In coordination with natural resource agencies, NWEI developed monitoring and response protocols to address entanglement of fishing gear project structures.  These protocols include procedures for Detection, Notification, Removal, Return, and Recycling of derelict gear.  If derelict gear is detected, the appropriate authorities will be contacted within two days and every effort will be made to return gear to owner.  If attempts to return gear are unsuccessful, it may be recycled at the “Fishing for Energy” project located at Newport’s International Port.  Further, if the derelict gear poses a risk of entanglement to marine organisms, it will be removed it as soon as possible, the appropriate agencies will be notified within 48 hours, a report with all available information on the case will be prepared, and project operations and/or monitoring plans will be modified if necessary.

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Operations

What happens to electricity generated by the WET-NZ?

The 1/2 scale WET-NZ device deployed at the NNMREC ocean test site has a rated power output of 20 kW. Power generated by the WET‐NZ is transported through the power and communications cable to the Ocean Sentinel, where it is dissipated in resistors.

How is the WET-NZ monitored during deployment?

Continuous on‐shore monitoring of the WET-NZ commenced immediately after deployment, and the data stream is available for local and remote monitoring, data analysis, and reporting.  Monitoring data for the WET‐NZ is transferred through the power and communications cable to the Ocean Sentinel instrumentation buoy, which has an Internet‐based interface in its on-board computer.  Data from both devices is transmitted wirelessly to a shore station.

What sort of maintenance is performed during deployment?

Site visits are performed bi-weekly, at a minimum, during deployment.  Regular maintenance operations include safety checks, retrieving data storage devices, replacing batteries, and conducting any corrective maintenance needed, as well as visual inspections of the devices and mooring systems above and below water line. Aids to navigation at the project site are also visually inspected during these visits.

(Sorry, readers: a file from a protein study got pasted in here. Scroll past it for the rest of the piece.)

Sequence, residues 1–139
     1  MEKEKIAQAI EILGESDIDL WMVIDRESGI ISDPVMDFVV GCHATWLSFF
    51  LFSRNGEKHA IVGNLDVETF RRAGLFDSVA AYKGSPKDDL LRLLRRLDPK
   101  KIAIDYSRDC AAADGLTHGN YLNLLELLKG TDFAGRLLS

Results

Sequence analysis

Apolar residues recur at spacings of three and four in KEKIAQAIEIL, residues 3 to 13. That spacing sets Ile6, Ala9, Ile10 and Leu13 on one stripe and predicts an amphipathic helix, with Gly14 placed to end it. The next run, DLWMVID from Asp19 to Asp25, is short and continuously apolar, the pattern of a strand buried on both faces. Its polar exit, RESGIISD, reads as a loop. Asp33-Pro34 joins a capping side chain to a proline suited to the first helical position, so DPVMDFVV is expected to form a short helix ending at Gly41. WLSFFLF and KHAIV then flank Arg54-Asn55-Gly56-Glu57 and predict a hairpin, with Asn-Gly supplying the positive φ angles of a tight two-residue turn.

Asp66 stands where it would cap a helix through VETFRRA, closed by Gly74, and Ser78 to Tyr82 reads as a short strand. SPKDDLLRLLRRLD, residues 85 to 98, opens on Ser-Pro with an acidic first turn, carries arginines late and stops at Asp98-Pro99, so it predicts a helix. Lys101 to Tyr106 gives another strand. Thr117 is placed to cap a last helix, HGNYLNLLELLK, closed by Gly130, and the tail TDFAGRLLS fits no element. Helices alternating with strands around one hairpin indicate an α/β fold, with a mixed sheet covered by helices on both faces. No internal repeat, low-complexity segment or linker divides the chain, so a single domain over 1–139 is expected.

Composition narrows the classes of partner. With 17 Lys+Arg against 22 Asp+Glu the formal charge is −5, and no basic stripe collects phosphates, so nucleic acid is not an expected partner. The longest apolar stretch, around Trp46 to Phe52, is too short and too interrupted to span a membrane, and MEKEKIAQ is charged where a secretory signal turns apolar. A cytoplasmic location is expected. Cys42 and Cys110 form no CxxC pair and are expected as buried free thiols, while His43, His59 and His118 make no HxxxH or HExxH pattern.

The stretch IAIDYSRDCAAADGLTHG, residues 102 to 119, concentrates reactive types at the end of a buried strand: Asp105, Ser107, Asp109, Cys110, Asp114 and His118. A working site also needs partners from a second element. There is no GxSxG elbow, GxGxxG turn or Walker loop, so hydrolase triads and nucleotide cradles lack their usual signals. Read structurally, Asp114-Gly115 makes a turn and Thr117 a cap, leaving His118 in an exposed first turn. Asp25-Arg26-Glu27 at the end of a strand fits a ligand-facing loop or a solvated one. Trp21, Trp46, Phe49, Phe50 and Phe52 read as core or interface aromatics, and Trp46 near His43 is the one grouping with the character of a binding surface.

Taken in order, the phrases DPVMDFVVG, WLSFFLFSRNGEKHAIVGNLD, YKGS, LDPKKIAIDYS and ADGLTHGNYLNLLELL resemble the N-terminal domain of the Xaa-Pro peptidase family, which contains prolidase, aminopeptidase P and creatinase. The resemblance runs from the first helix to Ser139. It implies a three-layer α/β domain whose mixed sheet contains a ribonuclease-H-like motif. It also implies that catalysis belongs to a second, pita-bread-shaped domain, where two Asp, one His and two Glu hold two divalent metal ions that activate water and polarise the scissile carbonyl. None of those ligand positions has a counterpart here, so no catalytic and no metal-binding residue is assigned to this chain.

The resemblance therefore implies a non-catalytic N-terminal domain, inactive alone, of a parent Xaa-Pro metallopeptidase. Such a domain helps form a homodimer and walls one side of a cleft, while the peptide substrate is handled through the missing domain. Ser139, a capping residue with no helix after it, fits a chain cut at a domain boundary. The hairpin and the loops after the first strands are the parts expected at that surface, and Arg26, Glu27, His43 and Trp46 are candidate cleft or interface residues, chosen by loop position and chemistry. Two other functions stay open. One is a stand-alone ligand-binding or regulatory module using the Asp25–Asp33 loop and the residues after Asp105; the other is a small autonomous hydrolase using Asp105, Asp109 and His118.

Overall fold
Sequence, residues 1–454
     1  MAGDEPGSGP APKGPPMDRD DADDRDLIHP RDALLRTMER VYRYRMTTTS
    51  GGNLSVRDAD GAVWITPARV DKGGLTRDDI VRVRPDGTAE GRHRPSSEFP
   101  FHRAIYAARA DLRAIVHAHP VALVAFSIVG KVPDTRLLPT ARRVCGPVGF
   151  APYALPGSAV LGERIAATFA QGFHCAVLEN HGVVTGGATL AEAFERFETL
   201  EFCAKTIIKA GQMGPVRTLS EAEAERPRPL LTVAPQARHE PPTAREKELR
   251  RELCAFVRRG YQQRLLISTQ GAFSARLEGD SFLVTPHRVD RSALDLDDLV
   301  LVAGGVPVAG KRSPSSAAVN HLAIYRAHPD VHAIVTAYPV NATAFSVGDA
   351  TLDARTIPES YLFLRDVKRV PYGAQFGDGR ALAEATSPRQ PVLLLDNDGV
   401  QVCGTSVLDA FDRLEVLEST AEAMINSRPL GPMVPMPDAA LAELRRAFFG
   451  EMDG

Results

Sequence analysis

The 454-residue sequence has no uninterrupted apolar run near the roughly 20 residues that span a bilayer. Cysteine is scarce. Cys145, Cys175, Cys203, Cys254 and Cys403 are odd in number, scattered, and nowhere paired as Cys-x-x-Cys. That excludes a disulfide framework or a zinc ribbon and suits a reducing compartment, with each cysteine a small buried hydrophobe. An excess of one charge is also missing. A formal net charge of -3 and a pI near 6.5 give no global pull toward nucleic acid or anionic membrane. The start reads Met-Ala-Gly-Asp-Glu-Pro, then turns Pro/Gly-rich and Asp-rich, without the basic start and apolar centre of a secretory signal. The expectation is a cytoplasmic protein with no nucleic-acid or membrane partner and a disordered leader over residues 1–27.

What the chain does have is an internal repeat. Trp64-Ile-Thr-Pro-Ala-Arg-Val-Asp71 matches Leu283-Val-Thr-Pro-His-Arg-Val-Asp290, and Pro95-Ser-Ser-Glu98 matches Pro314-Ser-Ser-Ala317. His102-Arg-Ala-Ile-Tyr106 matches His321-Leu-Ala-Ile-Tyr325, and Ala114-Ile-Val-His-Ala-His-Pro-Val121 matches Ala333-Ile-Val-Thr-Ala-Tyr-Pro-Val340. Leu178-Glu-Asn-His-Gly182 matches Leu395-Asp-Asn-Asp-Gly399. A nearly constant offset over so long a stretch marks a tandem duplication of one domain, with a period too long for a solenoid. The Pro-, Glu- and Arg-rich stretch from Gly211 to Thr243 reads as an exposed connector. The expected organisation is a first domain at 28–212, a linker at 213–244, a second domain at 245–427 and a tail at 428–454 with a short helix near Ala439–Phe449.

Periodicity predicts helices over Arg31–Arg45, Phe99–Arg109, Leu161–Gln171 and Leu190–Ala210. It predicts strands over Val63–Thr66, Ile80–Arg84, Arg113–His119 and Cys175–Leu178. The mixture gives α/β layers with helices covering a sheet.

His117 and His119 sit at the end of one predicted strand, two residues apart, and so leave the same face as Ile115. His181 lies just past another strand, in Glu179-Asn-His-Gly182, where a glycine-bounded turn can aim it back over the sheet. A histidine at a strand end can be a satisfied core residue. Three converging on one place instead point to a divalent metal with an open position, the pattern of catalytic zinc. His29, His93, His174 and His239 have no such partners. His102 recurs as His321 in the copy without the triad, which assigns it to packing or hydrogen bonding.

If weather precludes site visitation, additional video surveillance, data compression, and backup batteries will be utilized to conduct maintenance inspections. In addition, members of the Fisherman Involved in Natural Energy group (FINE) have agreed to perform opportunistic surveillance of the project site when they are offshore.

What happens if the device breaks free from the mooring? Or malfunctions?

The project components are designed to withstand all ocean conditions that might occur at the project site; however, there is a possibility that an unforeseen event could compromise the mooring system or otherwise create a hazardous situation, so the WET-NZ is outfitted with automatic identification system (AIS) transmitter that will provide navigation assistance for locating the device in the unlikely event it breaks free from the mooring system.  In addition, the device monitoring systems have specific parameters that, if exceeded, will trigger an alarm to alert the NNMREC Operations Center.  NNMREC and NWEI have also developed a Spill Contingency and Emergency Response Plan that addresses the major types of emergency conditions that could occur, identifies lines of communication with regulatory agency personnel, and establishes response actions for emergency situations. The plan also includes measures to prevent and, if needed, mitigate spills or leaks of fluids into the marine environment.

Who will remove the device at the end of the deployment?